I did not wake up in stellar condition on Sunday morning, so it’s fair to say that I was less than excited to see what appeared to be two three- and four-year old brothers half in and half out of their chairs in the sandwich shop as I entered.
A long evening of bad decisions and over-imbibing on Saturday used most of Sunday to exact its toll, and I was in desperate search of relief. Slothful returns to bed, coffee, a small pile of advil, and two bananas had done little to aid me, so I’d thrown on some sunglasses to protect against a sunlight glare that wasn’t there, and I’d dragged myself two arduous blocks on a quest for some bread.
Aside from the couple in front of me at the counter, the two young boys and their father were the only other people in the shop. They appeared mostly done with their meals, but both boys still casually poked through the remnants. At first, I didn’t pay much attention to their happy chattering, as I was too busy silently and internally judging the couple in front of me for what and how much they ordered, as well as the young man behind the counter for working so slowly.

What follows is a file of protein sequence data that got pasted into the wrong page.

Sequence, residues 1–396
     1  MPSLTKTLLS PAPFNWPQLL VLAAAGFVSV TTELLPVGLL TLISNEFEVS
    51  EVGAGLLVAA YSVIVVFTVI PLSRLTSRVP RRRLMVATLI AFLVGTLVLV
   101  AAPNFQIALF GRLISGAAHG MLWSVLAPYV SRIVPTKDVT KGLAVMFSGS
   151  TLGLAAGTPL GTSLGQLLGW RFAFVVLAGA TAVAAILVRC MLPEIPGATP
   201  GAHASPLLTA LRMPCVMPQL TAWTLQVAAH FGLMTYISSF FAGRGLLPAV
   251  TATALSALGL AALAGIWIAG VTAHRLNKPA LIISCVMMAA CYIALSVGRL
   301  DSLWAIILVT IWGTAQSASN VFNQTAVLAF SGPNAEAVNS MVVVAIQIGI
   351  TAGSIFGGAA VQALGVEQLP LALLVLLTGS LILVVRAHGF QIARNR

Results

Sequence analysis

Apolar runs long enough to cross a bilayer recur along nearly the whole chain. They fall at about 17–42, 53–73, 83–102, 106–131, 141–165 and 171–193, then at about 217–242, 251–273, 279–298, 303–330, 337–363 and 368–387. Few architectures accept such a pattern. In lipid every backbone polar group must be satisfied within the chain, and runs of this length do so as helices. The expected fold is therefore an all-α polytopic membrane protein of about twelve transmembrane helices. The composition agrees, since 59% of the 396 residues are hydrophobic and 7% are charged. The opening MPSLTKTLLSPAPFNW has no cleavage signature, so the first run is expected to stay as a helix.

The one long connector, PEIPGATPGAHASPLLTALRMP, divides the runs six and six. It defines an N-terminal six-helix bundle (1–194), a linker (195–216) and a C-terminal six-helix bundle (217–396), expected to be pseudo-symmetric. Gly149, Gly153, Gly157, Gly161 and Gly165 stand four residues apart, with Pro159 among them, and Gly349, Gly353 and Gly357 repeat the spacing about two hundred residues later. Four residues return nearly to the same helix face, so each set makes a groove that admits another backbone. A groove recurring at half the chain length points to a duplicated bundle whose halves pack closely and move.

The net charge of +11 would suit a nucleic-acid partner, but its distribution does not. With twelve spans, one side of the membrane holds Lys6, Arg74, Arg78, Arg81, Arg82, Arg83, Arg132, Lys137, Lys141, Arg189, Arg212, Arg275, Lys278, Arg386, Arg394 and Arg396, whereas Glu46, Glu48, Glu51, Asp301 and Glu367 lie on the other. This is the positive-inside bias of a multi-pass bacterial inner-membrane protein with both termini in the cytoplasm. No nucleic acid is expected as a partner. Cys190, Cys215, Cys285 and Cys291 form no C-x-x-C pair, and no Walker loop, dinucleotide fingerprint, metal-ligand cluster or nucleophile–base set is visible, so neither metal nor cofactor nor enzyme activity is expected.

In reality, it was probably me who needed to be managed more properly. The guy behind the counter was doing a relatively impressive job simultaneously handling multiple tasks on his own, and I ended up making a poor sandwich selection.
The couple had just finished ordering when I heard the father patiently explaining to one or both sons that English was a comparatively difficult language to learn. I was immediately struck by how admirable this was. Although, I had no idea of the context of the larger conversation, I imagined that perhaps one of the boys had inquired about someone they knew or encountered for whom English was not their first language.
Giving their table a quick glance, I noticed that the father had a number of characteristics that fit my stereotype for academics. He looked older than average for a father with sons the age of his, suggesting that he perhaps spent years pursuing an education and…